Sinai was a fundamental point on Moses’ journey to the promised land. It is where he received the Tablets of the Law, destroyed the golden Calf of the idolaters and saw and heard God in the form of a burning thorn bush.
Today the hardy, surviving thorn bush is actually a blackberry bush, said to be the only one in all of Sinai, and its shoots do not grow elsewhere. It can be seen clinging to the side of a wall alongside the apse of the church built on its roots.
Once, this thorn bush was ablaze with the fire and voice of God as he thundered his orders to Moses. Today, green and strangely fruitless, it is indifferent to the comings and goings of the shorts and sunglasses below.
1500 years ago the orthodox monastery of Santa Katerina was built around it: the monastery is a treasure trove of history, art and culture enclosed within high walls, nestling between steep mountains and now besieged by busloads of tourists. The human tide is forcibly channeled through the only entrance, a tiny door which still has a hole through which boiling oil could be hurled.
The Santa Katerina monastery was built in 527-565 by the Byzantine Emperor Justinian and it has never been sacked or ruined. Over the centuries the monks have always managed to defend themselves, barricading themselves inside the solid walls or drawing up agreements with local rulers: for example, after the Islamic conquest in around 600 AD, the monastery obtained a guarantee of immunity from the Caliph Omar. The proof of this agreement is the presence of a mosque inside the monastery walls, built in the middle of the original courtyard.
The monastery library is one of the leading and oldest historical sources of Christian culture. The 4th century Codex Sinaicus, one of the oldest biblical texts, came from here, as well as a collection of thousands of ancient valuable icons, mostly painted by the monks themselves.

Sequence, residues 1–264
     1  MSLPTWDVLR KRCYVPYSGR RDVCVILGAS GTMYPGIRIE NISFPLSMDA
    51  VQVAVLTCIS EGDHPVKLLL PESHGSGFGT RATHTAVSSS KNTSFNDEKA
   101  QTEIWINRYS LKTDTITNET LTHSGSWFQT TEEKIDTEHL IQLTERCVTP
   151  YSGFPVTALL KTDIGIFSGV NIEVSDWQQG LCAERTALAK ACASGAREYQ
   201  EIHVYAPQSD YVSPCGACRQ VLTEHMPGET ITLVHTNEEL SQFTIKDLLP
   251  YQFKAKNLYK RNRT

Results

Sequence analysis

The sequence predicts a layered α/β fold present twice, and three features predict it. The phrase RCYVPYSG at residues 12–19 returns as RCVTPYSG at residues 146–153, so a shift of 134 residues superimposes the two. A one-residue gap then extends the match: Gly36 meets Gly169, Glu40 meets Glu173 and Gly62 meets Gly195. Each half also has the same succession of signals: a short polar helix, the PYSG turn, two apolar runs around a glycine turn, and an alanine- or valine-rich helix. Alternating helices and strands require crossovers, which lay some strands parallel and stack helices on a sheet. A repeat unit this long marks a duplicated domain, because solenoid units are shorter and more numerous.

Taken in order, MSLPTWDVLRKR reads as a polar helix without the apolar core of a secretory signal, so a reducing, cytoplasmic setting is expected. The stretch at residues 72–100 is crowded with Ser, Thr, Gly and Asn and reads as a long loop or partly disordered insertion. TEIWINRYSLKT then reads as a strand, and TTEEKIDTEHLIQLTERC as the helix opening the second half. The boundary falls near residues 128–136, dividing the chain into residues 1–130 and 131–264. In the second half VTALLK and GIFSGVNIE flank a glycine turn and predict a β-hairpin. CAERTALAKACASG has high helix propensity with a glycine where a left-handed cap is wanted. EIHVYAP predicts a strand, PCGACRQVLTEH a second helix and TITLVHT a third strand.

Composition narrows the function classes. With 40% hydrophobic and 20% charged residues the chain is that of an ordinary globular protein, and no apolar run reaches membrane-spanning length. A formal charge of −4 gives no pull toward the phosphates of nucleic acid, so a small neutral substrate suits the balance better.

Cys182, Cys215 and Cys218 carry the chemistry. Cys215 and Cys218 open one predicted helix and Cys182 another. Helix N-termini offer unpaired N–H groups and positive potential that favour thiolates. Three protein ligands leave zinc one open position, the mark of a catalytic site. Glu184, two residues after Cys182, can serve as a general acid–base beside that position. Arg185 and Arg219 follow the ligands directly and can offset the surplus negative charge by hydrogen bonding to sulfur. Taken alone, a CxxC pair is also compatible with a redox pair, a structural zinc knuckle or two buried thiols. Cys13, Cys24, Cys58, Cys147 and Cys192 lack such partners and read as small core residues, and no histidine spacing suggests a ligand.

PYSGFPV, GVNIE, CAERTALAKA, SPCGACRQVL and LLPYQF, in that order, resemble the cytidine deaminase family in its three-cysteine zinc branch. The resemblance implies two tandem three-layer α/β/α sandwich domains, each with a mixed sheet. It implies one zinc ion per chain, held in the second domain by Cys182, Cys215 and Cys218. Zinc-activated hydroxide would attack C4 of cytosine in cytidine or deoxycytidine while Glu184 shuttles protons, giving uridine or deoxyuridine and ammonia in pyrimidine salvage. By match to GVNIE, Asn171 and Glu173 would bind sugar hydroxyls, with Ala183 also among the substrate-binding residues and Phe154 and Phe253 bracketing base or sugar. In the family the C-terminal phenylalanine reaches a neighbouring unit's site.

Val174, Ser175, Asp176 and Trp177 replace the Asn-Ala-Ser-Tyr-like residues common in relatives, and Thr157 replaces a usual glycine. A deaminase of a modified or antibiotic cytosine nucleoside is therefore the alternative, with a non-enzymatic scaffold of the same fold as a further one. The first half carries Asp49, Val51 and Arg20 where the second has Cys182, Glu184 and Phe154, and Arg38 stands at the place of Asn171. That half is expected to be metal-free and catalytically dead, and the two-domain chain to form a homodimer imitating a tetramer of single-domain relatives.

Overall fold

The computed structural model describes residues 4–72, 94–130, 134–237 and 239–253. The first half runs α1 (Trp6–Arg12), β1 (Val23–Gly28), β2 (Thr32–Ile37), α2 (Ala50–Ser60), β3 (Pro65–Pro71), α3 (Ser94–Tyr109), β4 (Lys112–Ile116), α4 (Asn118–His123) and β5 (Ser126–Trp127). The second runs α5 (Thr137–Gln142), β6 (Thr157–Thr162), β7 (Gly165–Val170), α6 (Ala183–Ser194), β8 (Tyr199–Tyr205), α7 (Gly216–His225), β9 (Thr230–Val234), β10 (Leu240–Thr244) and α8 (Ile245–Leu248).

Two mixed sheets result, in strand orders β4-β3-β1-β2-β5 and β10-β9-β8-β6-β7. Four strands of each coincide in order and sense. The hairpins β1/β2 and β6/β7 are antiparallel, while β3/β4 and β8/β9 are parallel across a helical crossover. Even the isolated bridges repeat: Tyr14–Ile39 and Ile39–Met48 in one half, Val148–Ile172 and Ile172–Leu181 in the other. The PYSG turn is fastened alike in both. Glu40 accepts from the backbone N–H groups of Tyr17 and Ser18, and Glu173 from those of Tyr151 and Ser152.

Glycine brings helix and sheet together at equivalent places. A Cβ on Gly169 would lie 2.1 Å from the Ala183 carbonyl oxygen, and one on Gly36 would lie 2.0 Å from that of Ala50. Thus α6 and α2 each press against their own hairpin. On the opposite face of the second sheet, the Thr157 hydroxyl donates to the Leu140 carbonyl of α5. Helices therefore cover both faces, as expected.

Inside the walls the monks talk and write in Greek, and have always entrusted the monastery tasks to a tribe of bedouins called the Gebelieh, the descendents of two hundred families brought here by Justinian for this reason from Bosnia, Wallachia and Alexandria. The Gebelieh were Christians for a long time, only converting to Islam in the 13th century.
Despite the fact that they do not share the monks’ religion, these bedouins still work for the monastery today. You might spot them inside and outside the walls, like white elves.
As well as a few chickens the monastery owns a vegetable garden and orchard, in which they grow date palms, apples, oranges, citron, figs, olives and vines. The monks buy goat cheese from the bedouins.
The only daily meal is taken after 5pm, at the end of a day of prayers that begins at 2.30am according to the precepts of St Basil. The meal is a simple dish, usually soup with bread or rice.
Who knows whether the monks follow the same precepts as those of Mt Athos, timing the meal to last as long as the reading of the saint of the day? Consequently, if the saint of the day had a long life, the meal takes a normal amount of time – but if he or she died young, you had better eat quickly!
From the monastery it is possible to climb to Gebel Mousa, the mountain where Moses received the tablets of the law. At dawn there is a wonderful view – beyond the ragged mountaintops and the vast open space of the desert is the sea, and then more desert, stretching endlessly on.
From this point on the earth the world is naked and basic, almost divine. You begin to understand Moses.
Marina Comandini, a writer and painter, has traveled extensively in the Middle East
Adapted by Ailsa Wood
Illustration by Marina Comandini